[…]
Mr. Naylor rose and said he did not intend further to deny the charge of having posted the bills; what he contended for was, that the justices had no jurisdiction in the matter; he thought his Learned Friend was not aware that the statute under which he had chosen to proceed had been subsequently entirely repealed. Mr. Naylor then quoted from the Act 2 and 3 Victoria, c. 12, the preamble of which recites c. 79 in the 39th George III., and which declares the same to be repealed. Section 4 of the same Act (2 and 3 Vic.) also enacts that no actions for penalties shall be commenced, except in the name of the Attorney or Solicitor General in England, or the Queen’s Advocate in Scotland. This statute, it would be observed, repealed the clause in the 39 Geo. III., and, therefore, he contended, his friend was out of Court.
Mr. Nell.—(to the Magistrates’ Clerk)—Is that so, Mr. Barr?
Mr. Barr.—It appears to be so, sir, from what Mr. Naylor has read. I was not aware of it. Allow me to look at the Act. Mr. Barr then referred to the two statutes, and after a careful perusal, said to the Bench—There is no doubt, sir, that this latter statute not only repeals the former, on which the information has been laid, but repeals also your jurisdiction.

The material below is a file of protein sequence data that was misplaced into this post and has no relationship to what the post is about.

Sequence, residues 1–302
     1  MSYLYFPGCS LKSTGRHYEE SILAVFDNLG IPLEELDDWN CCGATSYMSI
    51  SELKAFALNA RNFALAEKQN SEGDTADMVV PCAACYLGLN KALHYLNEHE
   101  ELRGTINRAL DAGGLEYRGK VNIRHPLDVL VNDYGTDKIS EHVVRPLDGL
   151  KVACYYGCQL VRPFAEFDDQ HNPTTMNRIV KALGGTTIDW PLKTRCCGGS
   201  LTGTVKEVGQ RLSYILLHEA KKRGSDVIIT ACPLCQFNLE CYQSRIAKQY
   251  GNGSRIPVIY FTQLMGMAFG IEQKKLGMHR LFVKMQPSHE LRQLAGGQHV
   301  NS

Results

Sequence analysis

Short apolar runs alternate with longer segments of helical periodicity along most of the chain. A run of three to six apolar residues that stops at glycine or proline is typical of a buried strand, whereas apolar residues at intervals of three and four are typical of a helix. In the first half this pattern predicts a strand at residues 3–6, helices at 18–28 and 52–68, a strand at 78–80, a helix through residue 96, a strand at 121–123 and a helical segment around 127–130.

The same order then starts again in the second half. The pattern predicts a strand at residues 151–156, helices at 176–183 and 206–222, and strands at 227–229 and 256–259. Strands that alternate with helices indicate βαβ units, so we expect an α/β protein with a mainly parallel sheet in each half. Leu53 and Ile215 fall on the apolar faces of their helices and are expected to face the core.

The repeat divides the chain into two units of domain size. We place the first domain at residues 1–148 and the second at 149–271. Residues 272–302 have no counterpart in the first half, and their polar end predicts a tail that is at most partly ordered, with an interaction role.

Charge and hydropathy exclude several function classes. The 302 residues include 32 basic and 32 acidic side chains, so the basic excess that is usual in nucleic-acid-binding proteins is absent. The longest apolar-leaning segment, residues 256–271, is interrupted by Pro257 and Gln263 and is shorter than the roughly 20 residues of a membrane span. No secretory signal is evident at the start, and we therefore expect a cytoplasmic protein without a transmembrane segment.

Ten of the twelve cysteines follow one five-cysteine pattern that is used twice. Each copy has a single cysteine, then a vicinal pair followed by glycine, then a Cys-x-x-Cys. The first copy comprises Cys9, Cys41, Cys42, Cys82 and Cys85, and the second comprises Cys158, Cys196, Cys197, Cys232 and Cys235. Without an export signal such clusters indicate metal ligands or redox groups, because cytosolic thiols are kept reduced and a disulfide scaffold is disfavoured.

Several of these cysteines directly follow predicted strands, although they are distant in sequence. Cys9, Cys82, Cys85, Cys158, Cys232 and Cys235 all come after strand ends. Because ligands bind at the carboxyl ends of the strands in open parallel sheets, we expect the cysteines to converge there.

The Bench.—Then we have no further power in the matter.
Mr. Barr.—No, sir.
Here was a “Cat among the pigeons” at once. Mr. Pirani advanced to his solicitor “looking unutterable things,” and some minutes were spent by them in comparing the statutes. At length, however, they arose, and taking their papers and books, hastily retired.

3-: From a letter “to the people”, by William Hill (1806-1867), Chartist, Swedenborgian pastor and editor of The Northern Star, and Leeds General Advertiser, published in The Northern Star, and Leeds General Advertiser (Leeds, Yorkshire, England) of Saturday 16th September 1843:

My Dear Friends,—In my short letter to you from Glasgow, I mentioned some things in which it was my purpose thereafter to speak with you more at large. I told you that I had then lying by me an article from the Times newspaper, which afforded arguments for the Organization of the people more cogent and conclusive than perhaps any that I have yet seen submitted to you from any quarter. Here it is. It is taken from the leading columns of the Times newspaper of the 4th of August. Its immediate point of reference is to the “Rebecca” movement in Wales [note 2]; while its reasoning shews that the enemy fear nothing so much as the cool prudence, the intelligent inquiry, and peaceful, quiet, “systematized,” organized onward movement of the public mind. Just in proportion to the amount of bluster and noise, and violence, and physical destructiveness which they evince, are the “agitators” of the public voted harmless—(and often indeed useful)—by the factions. But how? let the Times speak:—